The latter set are in for disappointment. Berry’s odd twitchy cat act is anything but sexy. Catwoman (even this knocked off idea of catwoman) is not a “method acting” part. It is probably more important to be sexy than to actually be like a cat. From the point you see Berry eating tuna from the can you kind of go off her as a newly liberated woman with special powers. The costume is embarrassing, the poor CGI is daft and none of it hangs together plotwise. Which of course does not stop it being the half-arsed producers idea of what a superhero film should be (a bit of Spiderman, a bit of X-Men, drop the Batman faux seriousness). Even down to its last minute – oh hold on, let’s leave it open for a sequel that will NEVER COME this is film-makers lying to themselves constantly that they have not only made an okay action film (they haven’t) but something which has something to say about feminism (they really really haven’t). But as the Onion article had it, not even the worst film I have seen this summer.

From the travel news

Blog 7Post a comment • 276 views

From the travel news on the radio this morning, but not on the various websites (as far as I can see) came the important intelligence: Canada Water tube station was closed. The reason: an unusual smell.

Why choose today? How did they know when to re-open?

I wonder what the unusual smell smelled like.

WHO REVIEWS: #5, #6, #7

The Brown WedgePost a comment • 373 views

Cat’s Cradle: Time’s Crucible – Marc Platt (7/10)
(TARDIS crew: 7th, Ace; VILLAIN: The Process)

Cat’s Cradle: Warhead – Andrew Cartmel (7/10)
(TARDIS crew: 7th, Ace; VILLAIN: Butler Institute, Mathew O’Hara)

Cat’s Cradle: Witch Mark – Andrew Hunt (2/10)
(TARDIS crew: 7th, Ace; VILLAIN: Some random Welsh gits)

The first four New Adventurers gave Whovians the epic Timewyrm, chasing all around the galaxy and even into the Doctor’s mind. The next three books all bear the “Cat’s Cradle” moniker and was poised to be another multi-book saga.

So what went wrong?

The three books have absolutely nothing to do with each other. Time’s Crucible is a base-under-siege pastiche mixed in with some startling revelations about ancient Gallifrey. Warhead is a near-future ecoterror story. Witch Mark is a parallel universe exercise in fairyland fuckwittery. The linking device is a silver cat that represents the TARDIS but only actually impacts the plot of Time’s Crucible. Events in Time’s Crucible have a negligible impact on the setup of Witch Mark, but Warhead could have occurred at anytime without causing any real continuity hiccups. As an overarching epic, these three books fail completely.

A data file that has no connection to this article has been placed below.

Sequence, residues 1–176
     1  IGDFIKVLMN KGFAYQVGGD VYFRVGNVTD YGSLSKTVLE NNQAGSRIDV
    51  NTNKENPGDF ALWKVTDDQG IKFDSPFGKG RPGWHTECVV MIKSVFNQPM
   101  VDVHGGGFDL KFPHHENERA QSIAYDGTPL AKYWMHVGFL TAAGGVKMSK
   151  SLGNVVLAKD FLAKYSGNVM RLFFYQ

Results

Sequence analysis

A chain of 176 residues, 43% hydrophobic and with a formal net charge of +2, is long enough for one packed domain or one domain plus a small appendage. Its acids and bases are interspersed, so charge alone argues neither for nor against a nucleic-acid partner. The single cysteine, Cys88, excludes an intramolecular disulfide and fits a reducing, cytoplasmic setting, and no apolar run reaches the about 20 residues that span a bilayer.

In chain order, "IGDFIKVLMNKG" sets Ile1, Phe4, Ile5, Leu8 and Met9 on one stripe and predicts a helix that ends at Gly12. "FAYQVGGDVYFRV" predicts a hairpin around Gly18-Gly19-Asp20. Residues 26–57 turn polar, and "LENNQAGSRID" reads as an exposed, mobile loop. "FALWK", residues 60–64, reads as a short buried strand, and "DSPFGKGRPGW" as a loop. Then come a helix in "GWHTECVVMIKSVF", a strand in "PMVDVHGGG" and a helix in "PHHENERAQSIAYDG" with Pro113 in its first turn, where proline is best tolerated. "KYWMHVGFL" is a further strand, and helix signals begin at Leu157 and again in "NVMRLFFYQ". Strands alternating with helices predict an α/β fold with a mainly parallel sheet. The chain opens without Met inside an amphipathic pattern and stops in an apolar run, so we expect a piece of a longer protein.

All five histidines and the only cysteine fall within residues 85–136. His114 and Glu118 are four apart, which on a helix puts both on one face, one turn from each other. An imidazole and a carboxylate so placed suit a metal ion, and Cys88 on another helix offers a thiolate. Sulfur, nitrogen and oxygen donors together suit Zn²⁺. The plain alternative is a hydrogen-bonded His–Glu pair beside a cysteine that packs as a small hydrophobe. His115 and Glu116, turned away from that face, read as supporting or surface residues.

So why publish them with Cat’s Cradle in the titles? I can understand not wanting to do another “Doctor and Ace hunt down a threat” multipart story; variety is the spice of life, after all. However, there isn’t even a thematic link or a “the events of one story lead into another” setup going on; I have no idea what Peter Darvill-Evans was thinking when he tried to shoehorn these books together (beyond “HAHA STUPID FANBOYS I TAKE YOUR CASH AND FLEE LIKE WIND”).

Individually, two of the books work very well. Time’s Crucible sets a deeply claustrophobic mood by stranding Ace in a nightmarish, time-ravaged landscape with no Doctor, no TARDIS, a bunch of amnesiac explorers from Gallifrey’s history called Phazels and a gigantic, disgusting datavore that calls itself The Process. Platt does an excellent job of revealing twist after twist, springing revelations about where the action is taking place, why The Process is making the Phazels look for the Future, and where the Process’s creepy humanoid guard with the insect heads actually came from, all while meshing in the Ancient Gallifrey plot that explains the emergence of rationalism and time travel and gives some startling details about pre-Time Lord life. Warhead goes for a different type of harrowing, evoking an Earth not too far removed from our reality but full of neat little future ideas, like the holographic answering machine. Cartmel’s Doctor is firmly in chessmaster mode, maneuvering character after character in a grand scheme to stop the schemes of a severely disturbed businessman and his plan to cheat death by forcibly downloading humanity into a supercomputer. The most interesting part of the story revolves around Justine, a neo-Luddite teen obsessed with nature and witchcraft, and Vincent, the Whoniverse’s most fascinating psychokinetic who channels emotions into fearsome mental powers.

Then there’s good old Witch Mark. Poor, sad, horrifyingly bad Witch Mark. The book is packed with stereotype after stereotype, what with the stranger-hating Welsh farmers, the two American backpackers that seem to have actually come from 50s London, the Peter-Davison-in-“All Creatures Great And Small”-esque vet, the helpful old couple in the inn, the surly humans in the fairy realm, the wise, gentle unicorns, the staid trolls, etc etc etc. The vestiges of a great plot lurk in this mess (the fairy realm is collapsing and the inhabitants there, along with the Welshmen, are attempting to infiltrate Earth, creating conflict both on Earth between the UK and the transplants and between the fairyland humans and the fairy creatures, all exacerbated by witches using the situation for their own gain) but the book seem to be actively conspiring to hide this from you. Glaring plot holes fly all over the place, including one particular howler that isn’t resolved for another 49 books. This was the last book I needed to complete my New Adventures collection; I still have conflicting emotions about having spent money for this nonsense.

In the end, we have two very good books and one shockingly bad book, all more pessimistic in tone and setting than the previous four novels. Apparently, adults don’t like fun very much (and it only gets grimmer from here).